Today's selection -- from Sapiens: A Brief History of Humankind by Yuval Noah Harari. Empires have been the dominant form of government in human history. Most early empires of such as the Roman empire were polytheistic, and made a practice of being tolerant and open to other religions. Even the famed Roman persecution of Christians chronicled in the Christian New Testament, which was undertaken only because Christians did not respect the proclaimed divinity of the emperor, was half-hearted and resulted in only a few thousand deaths over three centuries:
Polytheism is conducive to far-reaching religious tolerance. Since polytheists believe, on the one hand, in one supreme and completely disinterested power, and on the other hand in many partial and biased powers, there is no difficulty for the devotees of one god to accept the existence and efficacy of other gods. Polytheism is inherently open-minded, and rarely persecutes 'heretics' and 'infidels' .
"Even when polytheists conquered huge empires, they did not try to convert their subjects. The Egyptians, the Romans and the Aztecs did not send missionaries to foreign lands to spread the worship of Osiris, Jupiter or Huitzilopochtli (the chief Aztec god), and they certainly didn't dispatch armies for that purpose. Subject peoples throughout the empire were expected to respect the empire's gods and rituals, since these gods and rituals protected and legitimised the empire. Yet they were not required to give up their local gods and rituals. ...
"The only god that the Romans long refused to tolerate was the monotheistic and evangelising god of the Christians. The Roman Empire did not require the Christians to give up their beliefs and rituals, but it did expect them to pay respect to the empire's protector gods and to the divinity of the emperor. This was seen as a declaration of political loyalty. When the Christians vehemently refused to do so, and went on to reject all attempts at compromise, the Romans reacted by persecuting what they understood to be a politically subversive faction. And even this was done half-heartedly. In the 300 years from the crucifixion of Christ to the conversion of Emperor Constantine, polytheistic Roman emperors initiated no more than four general persecutions of Christians. Local administrators and governors incited some anti-Christian violence of their own. Still, if we combine all the victims of all these persecutions, it turns out that in these three centuries, the polytheistic Romans killed no more than a few thousand Christians. In contrast, over the course of the next 1,500 years, Christians slaughtered Christians by the millions to defend slightly different interpretations of the religion of love and compassion."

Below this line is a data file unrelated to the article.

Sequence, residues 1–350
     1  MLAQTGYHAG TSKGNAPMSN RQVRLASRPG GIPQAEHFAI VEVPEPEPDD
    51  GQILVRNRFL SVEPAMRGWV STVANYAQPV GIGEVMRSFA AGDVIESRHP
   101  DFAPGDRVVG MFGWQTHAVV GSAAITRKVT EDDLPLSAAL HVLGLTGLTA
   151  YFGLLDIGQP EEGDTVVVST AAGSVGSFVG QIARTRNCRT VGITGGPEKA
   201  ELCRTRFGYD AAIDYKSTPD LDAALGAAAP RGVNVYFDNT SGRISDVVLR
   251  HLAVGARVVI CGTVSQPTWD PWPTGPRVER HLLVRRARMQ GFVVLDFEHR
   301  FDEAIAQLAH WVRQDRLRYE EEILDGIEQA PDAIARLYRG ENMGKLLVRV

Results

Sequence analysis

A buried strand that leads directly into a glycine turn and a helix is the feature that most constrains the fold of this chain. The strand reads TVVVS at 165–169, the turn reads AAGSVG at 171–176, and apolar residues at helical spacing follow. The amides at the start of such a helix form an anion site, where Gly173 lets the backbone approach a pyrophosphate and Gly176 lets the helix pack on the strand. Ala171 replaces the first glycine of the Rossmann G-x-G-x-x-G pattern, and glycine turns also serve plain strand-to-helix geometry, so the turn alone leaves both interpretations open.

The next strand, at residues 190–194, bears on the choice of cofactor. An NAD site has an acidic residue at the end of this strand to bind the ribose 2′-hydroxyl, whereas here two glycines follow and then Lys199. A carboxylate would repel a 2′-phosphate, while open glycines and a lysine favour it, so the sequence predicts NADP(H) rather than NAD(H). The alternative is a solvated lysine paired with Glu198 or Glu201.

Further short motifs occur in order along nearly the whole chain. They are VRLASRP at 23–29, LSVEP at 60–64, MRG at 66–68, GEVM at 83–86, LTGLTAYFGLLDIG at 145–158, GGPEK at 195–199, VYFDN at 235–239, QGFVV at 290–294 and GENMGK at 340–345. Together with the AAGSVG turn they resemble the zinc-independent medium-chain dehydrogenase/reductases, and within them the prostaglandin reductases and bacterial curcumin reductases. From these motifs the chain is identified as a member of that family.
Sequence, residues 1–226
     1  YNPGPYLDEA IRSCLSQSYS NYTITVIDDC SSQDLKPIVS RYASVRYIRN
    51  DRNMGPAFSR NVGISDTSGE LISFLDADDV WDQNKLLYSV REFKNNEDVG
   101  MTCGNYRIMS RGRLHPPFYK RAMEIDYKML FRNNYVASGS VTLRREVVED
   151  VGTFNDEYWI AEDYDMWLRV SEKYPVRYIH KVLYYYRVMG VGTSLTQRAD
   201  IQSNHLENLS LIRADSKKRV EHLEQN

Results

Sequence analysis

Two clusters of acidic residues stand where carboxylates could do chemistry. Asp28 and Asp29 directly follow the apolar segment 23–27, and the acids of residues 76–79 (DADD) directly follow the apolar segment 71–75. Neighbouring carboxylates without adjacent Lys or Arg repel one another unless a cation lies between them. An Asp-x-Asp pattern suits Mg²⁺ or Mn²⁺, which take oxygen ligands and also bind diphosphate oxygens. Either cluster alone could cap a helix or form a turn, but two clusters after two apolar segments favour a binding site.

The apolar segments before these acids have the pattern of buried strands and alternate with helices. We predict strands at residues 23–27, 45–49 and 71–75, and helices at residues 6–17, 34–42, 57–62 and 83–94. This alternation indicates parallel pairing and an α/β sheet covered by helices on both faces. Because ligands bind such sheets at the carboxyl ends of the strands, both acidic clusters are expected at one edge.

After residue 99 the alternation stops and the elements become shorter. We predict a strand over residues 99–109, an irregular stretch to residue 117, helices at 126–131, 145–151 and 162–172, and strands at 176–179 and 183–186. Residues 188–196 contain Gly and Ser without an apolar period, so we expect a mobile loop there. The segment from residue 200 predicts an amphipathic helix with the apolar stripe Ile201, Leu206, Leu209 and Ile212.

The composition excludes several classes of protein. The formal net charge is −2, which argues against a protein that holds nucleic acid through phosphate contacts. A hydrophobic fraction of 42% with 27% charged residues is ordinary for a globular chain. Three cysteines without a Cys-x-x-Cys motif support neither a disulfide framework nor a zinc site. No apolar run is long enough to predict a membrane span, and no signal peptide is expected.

Read the rest here.
Check those last two sentences. Yes, the Romans persecuted christians, but in a "half-hearted" manner and more about politics than religiosity. When christians decided their beliefs were endangered after Constantine's sanction of their religion, it was "Nelly, bar the door," and as much for other christians who didn't quite believe the same as some others. Should we be surprised to see modern-day christians accuse non-believers of "persecuting" them? Not only is this a behavior which their savior anticipated and said they'd be blessed for, for them it is ample justification to declare a christian jihad in response.
For all the christian demands for tolerance of their beliefs, the christians themselves are exposed by history as being the most intolerant and unyielding. Nota bene.
And people still refuse to see the intoxication.
Of course they don't. Haven't you heard? God is on THEIR side! Then, too, the question is begged: what happens when god is on BOTH sides?
Ah ha! that is the big rub, "god is on BOTH sides"!
What is the nature of love? I can't resist reposting Yuval Noah Harari's words:
"Protestants believed that the divine love is so great that God was incarnated in flesh and allowed Himself to be tortured and crucified, thereby redeeming the original sin and opening the gates of heaven to all those who professed faith in Him. Catholics maintained that faith, while essential, was not enough. To enter heaven, believers had to participate in church rituals and do good deeds. Protestants refused to accept this, arguing that this quid pro quo belittles God's greatness and love. Whoever thinks that entry to heaven depends upon his or her own good deeds magnifies his own importance, and implies that Christ's suffering on the cross and God's love for humankind are not enough.
"These theological disputes turned so violent that during the sixteenth and seventeenth centuries, Catholics and Protestants killed each other by the hundreds of thousands. On 23 August 1572, French Catholics who stressed the importance of good deeds attacked communities of French Protestants who highlighted God's love for humankind. In this attack, the St Bartholomew's Day Massacre, between 5,000 and 10,000 Protestants were slaughtered in less than twenty-four hours. When the pope in Rome heard the news from France, he was so overcome by joy that he organised festive prayers to celebrate the occasion and commissioned Giorgio Vasari to decorate one of the Vatican's rooms with a fresco of the massacre (the room is currently off-limits to visitors). More Christians were killed by fellow Christians in those twenty-four hours than by the polytheistic Roman Empire throughout its entire existence."
This is so intriguing, I have put the book on my Wish List for winter reading. Thanks, Loren.
The Romans respected every god they came across. I remember reading how they used to send agents into opposing armies camps to find out the names of the opponents gods and bribe the same gods to change sides. The Christians really did mess up the world.